Analysis of the 2007-08 Budget Bill: General Government
The Military Department is responsible for the command and management of the California Army and Air National Guard. To support the operations for a force of more than 20,000 personnel, the department maintains a headquarters complex in Sacramento, 111 armories, 37 maintenance facilities, 2 training sites, and 11 aviation centers throughout the state. Additionally, four new armories are currently under construction.
The mission of the National Guard is to (1) provide mission-ready forces to the federal government, (2) protect the public safety of the citizens of California by providing military support to civil authorities during natural disasters and other emergencies, and (3) provide service and support to local communities in California.
The budget proposes expenditure of $131 million, an increase of nearly 3 percent. Nearly two-thirds ($86 million) of the overall funding for the department comes from federal funds and reimbursements, with the remaining one-third ($45 million) coming from the General Fund.
We recommend deleting a request for $1.7 million from the General Fund to establish a Tuition Assistance Program as an aid to recruitment efforts. This request duplicates a loan forgiveness program established in 2003. (Reduce Item 8940-001-0001 by $1,699,000.)
Tuition Assistance to Aid Recruiting. The department requests $1.7 million from the General Fund in the budget year to establish a Tuition Assistance Program (TAP) to aid in recruitment efforts. Program costs would grow to $3.3 million annually in subsequent years. The department request is based on the idea that a tuition program of some type is essential to the recruitment activities of the California National Guard and, without such a program, recruiting quotas will go unfilled. The department reports that it needs to recruit 489 members to attain 100 percent of the federally authorized troop strength. Of a total federally authorized troop strength level of 20,698 members, 489 represents a 2.4 percent shortfall.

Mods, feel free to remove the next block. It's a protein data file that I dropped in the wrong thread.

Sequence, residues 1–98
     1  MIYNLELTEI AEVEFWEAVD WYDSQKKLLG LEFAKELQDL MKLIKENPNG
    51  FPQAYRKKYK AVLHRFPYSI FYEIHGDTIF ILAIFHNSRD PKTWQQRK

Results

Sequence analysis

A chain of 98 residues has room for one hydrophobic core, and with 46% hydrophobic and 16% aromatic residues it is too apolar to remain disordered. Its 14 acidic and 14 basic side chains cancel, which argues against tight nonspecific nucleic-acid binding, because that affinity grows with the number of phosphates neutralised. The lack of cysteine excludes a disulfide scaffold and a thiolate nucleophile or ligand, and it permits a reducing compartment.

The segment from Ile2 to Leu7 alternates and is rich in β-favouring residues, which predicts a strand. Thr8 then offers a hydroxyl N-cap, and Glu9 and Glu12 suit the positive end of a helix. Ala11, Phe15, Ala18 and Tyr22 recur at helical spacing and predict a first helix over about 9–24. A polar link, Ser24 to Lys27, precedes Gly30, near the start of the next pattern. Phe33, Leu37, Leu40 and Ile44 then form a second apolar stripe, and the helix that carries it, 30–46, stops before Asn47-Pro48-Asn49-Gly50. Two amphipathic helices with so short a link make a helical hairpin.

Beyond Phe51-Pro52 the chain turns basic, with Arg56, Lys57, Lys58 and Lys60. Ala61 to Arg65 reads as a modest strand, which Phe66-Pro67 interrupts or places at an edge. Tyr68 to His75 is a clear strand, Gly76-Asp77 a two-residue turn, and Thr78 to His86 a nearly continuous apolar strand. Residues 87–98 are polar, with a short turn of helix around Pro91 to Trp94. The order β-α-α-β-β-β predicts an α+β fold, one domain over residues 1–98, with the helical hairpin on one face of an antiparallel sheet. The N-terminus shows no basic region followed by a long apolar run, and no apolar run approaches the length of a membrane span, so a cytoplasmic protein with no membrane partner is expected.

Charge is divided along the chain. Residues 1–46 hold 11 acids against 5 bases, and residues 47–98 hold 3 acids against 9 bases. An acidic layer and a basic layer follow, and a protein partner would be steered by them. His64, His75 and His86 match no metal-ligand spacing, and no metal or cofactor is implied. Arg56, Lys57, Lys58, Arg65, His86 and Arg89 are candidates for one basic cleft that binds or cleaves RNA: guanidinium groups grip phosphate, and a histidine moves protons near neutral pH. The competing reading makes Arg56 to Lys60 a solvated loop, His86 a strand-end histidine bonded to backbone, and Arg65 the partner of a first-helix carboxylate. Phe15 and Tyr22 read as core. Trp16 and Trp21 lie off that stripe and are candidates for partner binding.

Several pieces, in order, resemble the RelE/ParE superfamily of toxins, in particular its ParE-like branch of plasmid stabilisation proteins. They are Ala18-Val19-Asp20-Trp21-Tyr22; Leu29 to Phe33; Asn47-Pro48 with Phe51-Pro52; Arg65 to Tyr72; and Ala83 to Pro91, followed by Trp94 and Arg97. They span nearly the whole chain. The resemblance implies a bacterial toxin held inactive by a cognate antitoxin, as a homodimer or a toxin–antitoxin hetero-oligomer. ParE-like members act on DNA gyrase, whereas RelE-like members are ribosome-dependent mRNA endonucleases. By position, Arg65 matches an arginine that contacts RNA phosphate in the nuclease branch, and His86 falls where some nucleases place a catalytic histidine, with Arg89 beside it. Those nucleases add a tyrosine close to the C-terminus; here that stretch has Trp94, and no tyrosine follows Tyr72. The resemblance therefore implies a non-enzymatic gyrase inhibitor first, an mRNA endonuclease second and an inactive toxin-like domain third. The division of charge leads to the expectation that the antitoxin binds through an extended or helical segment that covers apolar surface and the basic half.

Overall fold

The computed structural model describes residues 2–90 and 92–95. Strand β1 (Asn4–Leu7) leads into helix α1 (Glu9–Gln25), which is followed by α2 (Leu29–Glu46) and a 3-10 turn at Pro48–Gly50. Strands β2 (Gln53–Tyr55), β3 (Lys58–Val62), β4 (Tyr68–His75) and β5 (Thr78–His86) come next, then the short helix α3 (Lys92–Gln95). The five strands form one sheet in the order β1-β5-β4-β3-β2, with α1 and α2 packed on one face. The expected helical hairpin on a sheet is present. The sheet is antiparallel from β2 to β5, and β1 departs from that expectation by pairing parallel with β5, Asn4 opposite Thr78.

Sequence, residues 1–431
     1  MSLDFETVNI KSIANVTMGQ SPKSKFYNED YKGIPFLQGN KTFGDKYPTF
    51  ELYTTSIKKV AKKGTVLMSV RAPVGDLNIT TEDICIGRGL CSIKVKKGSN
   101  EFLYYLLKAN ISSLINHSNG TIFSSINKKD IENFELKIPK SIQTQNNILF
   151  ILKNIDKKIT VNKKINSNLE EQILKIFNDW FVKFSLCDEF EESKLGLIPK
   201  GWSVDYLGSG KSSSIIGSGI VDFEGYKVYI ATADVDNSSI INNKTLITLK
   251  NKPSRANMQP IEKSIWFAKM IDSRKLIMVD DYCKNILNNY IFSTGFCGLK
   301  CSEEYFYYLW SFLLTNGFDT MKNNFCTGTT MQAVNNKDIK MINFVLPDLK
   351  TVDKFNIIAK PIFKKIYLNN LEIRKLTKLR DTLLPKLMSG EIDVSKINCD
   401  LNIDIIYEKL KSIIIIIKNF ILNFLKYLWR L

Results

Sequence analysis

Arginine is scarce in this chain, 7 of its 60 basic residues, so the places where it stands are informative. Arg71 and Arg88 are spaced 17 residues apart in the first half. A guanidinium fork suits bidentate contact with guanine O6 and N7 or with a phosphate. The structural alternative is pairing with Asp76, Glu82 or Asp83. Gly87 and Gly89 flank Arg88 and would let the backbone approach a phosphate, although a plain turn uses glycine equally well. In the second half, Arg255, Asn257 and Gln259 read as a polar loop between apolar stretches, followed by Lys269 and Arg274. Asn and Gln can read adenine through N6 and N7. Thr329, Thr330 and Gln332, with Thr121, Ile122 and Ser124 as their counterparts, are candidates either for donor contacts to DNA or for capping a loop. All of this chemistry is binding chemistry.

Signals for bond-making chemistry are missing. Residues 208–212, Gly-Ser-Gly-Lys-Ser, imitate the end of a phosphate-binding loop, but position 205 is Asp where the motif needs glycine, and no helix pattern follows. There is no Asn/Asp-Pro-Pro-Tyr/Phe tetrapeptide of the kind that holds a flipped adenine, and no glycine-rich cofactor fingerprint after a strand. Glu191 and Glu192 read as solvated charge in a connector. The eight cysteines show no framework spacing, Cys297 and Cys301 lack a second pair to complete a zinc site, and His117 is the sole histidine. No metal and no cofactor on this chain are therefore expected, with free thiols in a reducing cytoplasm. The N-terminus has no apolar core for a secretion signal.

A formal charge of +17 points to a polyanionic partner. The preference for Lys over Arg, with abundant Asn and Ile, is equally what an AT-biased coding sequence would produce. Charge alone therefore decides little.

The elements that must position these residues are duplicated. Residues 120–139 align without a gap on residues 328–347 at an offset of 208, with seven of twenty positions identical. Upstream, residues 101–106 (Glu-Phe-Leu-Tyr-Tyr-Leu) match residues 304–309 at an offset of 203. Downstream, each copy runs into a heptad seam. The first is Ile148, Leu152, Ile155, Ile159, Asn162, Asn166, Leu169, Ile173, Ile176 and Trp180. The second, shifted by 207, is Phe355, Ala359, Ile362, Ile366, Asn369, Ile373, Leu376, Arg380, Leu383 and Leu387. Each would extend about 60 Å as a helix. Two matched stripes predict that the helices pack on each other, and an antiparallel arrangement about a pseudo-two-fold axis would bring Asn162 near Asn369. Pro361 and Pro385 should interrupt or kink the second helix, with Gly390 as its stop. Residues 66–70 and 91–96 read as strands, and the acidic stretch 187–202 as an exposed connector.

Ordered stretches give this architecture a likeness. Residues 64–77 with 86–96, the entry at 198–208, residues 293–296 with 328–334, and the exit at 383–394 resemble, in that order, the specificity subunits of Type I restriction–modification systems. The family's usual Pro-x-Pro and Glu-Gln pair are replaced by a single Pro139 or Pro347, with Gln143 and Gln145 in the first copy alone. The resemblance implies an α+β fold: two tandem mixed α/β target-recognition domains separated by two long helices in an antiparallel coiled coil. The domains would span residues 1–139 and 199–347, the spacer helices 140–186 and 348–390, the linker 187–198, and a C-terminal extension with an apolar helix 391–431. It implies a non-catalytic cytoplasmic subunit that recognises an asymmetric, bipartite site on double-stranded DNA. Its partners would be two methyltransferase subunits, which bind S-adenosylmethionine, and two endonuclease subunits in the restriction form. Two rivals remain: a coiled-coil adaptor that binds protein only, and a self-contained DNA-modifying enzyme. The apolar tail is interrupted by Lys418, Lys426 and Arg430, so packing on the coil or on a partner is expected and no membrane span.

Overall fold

Program Already Exists for the Same Purpose. This same rationale for improved recruitment led to the National Guard Assumption Program for Loans for Education (NG-APLE), created by Chapter 345, Statutes of 2003 (AB 547, Liu). The NG-APLE is administered by the California Student Aid Commission (CSAC), and pays off student loans for qualified students who fulfill specified terms of enlistment in the National Guard. The CSAC may only award the number of NG-APLE warrants authorized in the annual budget act. No warrants were authorized until the 2006-07 Budget Act, which authorized 100 grants. The program is due to sunset at the end of 2006-07.
NG-APLE Superior to TAP. There have been concerns about the NG-APLE. For instance, it has taken too long to get off the ground. The CSAC is only now in the process of promulgating regulations for NG-APLE, which are expected to be adopted in April 2007. In addition, there may be too few authorized grants to be of value in overall recruiting. Despite these issues, we believe NG-APLE is superior in design to TAP. First, NG-APLE is easier to administer. As a loan forgiveness program, it only pays benefits once the student has completed his or her military commitment. In contrast, TAP provides payment up front, and thus it would be necessary for the state to try to collect those funds from the student if he or she fails to complete the military commitment. Second, NG-APLE is structured similar to other programs already administered by CSAC. The TAP would create a new program to be administered by the Military Department, which has less experience in administering student financial aid programs. Finally, NG-APLE is established in statute, while TAP would give discretion to the Military Department regarding the allocation of awards.
No Need to Establish New Program. For these reasons, we recommend the Legislature reject the TAP proposal. If the Legislature wishes to continue to provide student financial aid as a way to help recruit and retain National Guard members, we would advise renewing the NG-APLE beyond its June 2007 sunset and authorize additional warrants in the budget year to aid in recruitment.
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2007-08 Budget Analysis